ah I didn't realise it needed an account, I get it free through my uni.
It is a bit longish but here is an extract:
Sure, we thought, Trump was politically incorrect, but he was also a rude jerk who often said things that are objectionable even if you’re not a member of the crazed alt-left that runs America’s higher-education system and is influential in the Democratic Party and the current administration.
Cathy Young, for one, remains committed to that counterargument, but we have found it increasingly difficult to stay persuaded by it. We prize civility and reason, but they are insufficient to combat political correctness, which is uncivil and unreasonable and weaponizes its enemies’ adherence to etiquette.
There are bits of good news even on campus. Last month the New York Post reported New York University had forced Michael Rectenwald, a liberal studies professor, “to go on paid leave for the rest of the semester” in retaliation for having “launched an undercover Twitter account called Deplorable NYU Prof . . . to argue against campus trends like ‘safe spaces,’ ‘trigger warnings,’ policing Halloween costumes and other aspects of academia’s growing PC culture.”
Here’s the Post, post-Trump:
The politically incorrect professor on leave since his NYU colleagues griped about his “incivility” has been promoted—and his fellow liberal-studies profs were lectured about their conduct.
Michael Rectenwald, 57, was bumped from assistant professor to full professor on Monday, just days after he was placed on paid leave. The promotion comes with an 18 percent raise to $80,000, a source said.
The Detroit News reports on the emboldenment of Trump supporters at the flagship university of a state Trump carried narrowly:
Hundreds of students at the University of Michigan have signed a #NotMyCampus petition condemning university president Mark Schlissel for comments he made at a somber vigil last week following President-elect Donald Trump’s surprise victory.
“Your voices worked out to be a 90/10 decision in favor of the unsuccessful candidate yesterday,” Schlissel said in footage posted to Youtube by The Michigan Daily, the campus newspaper. “Ninety percent of you rejected the kind of hate and the fractiousness and the longing for some sort of idealized version of a nonexistent yesterday that was expressed during (Trump’s) campaign.” . . .
More than 320 students signed a petition by Monday afternoon and submitted nearly 50 pages of personal statements, many calling out Schlissel for his comments.
“It is extraordinarily arrogant to assume that those who backed Trump are unequivocally supporting racism, sexism, homophobia, and other forms of hatred, yet that is exactly what Presidential Schlissel did,” said Reebehl El-Hage, a senior in the college of engineering. “Instead of being introspective and asking why people voted for Trump, President Schlissel denounced them.”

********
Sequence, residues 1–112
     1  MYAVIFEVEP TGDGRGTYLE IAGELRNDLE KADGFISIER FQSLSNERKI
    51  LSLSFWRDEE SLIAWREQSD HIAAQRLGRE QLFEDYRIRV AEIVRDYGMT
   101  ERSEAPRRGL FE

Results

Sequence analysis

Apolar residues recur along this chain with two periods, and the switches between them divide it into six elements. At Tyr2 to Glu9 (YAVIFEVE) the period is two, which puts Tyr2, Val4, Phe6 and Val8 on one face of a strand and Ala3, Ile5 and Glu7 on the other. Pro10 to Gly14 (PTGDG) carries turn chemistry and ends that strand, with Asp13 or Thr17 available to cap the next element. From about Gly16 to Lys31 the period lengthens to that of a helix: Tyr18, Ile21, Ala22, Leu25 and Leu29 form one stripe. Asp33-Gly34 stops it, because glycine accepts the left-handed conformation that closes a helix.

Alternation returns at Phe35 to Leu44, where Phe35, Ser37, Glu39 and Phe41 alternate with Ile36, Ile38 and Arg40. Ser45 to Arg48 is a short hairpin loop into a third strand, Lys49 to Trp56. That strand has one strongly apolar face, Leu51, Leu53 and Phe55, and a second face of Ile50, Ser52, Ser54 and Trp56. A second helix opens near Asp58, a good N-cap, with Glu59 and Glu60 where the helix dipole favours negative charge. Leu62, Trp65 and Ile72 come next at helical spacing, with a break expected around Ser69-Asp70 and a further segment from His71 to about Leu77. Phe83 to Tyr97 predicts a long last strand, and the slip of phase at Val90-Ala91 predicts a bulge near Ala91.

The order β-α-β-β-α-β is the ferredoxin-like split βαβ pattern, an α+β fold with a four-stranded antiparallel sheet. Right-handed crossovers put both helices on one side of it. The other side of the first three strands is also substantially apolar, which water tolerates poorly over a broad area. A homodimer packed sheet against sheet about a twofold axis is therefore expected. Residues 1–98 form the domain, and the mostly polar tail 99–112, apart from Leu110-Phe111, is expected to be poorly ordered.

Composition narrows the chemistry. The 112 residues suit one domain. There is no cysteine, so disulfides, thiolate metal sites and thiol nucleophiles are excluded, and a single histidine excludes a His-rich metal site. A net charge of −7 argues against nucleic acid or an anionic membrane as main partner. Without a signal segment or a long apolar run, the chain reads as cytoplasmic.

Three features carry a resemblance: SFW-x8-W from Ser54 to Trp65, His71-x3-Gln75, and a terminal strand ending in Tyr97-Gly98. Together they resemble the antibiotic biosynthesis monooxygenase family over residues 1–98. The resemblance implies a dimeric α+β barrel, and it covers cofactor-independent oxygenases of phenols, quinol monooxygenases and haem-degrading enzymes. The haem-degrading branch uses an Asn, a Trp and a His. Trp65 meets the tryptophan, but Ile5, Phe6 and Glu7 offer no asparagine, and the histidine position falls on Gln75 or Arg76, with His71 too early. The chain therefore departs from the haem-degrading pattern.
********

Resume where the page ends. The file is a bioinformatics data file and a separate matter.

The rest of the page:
A few left-wing Yale students are showing signs of self-awareness, the Washington Post reports:
Some [Hillary] Clinton supporters here said the election exposed a blind spot at Yale. As an elite institution, they said, it is not sufficiently attuned to the concerns of the massive bloc of white, working-class voters in small towns and rural areas who powered Trump’s election.
“A lot of people here are out of touch with what’s going on in communities that don’t look like their communities,” said Isis Davis-Marks, 19, a sophomore from New York City.
“This election made me realize how much of a liberal bubble Yale students live in,” said Zachary Cohen, 20, a junior from New York City who edits a political journal here. That isolation left the campus largely unaware of anger and resentment elsewhere, he said. “I definitely had to come terms with the fact that there was this other half of America I had hardly seen.”
Even the New York Times . . . well, let’s not overstate this, but the paper’s publisher, Pinch Sulzberger, and top news editor, Dean Baquet, put out a letter to readers promising to cover the new administration fairly:
For sure, political correctness is far from dead. Just this week the Cavalier Daily reported that professors at the University of Virginia demanded their institution’s president, Teresa Sullivan, declare Thomas Jefferson, who founded UVa, corpus non grata and never quote him again.
Sullivan responded by affirming the Jefferson-haters’ “right to speak out on issues that matter to all of us”—as if their right were ever in question—though she was careful to distance herself from the third president: “Quoting Jefferson (or any historical figure) does not imply an endorsement of all the social structures and beliefs of his time.”
This sort of nonsense will probably still be with us when President Trump wraps up his first term. But we can hope there will be much less of it. Imagine if Mrs. Clinton had won. New York Times executives would be patting themselves on the back for their groundbreaking new approach to journalism; Yale students would be as smug and sheltered as ever; Prof. Rectenwald would be looking for a new career at age 57; University of Michigan Trump supporters would still be in the shadows; and so would those at Grubhub.
Note from robert: what surprised me most is the low pay of a full professor these days in the states?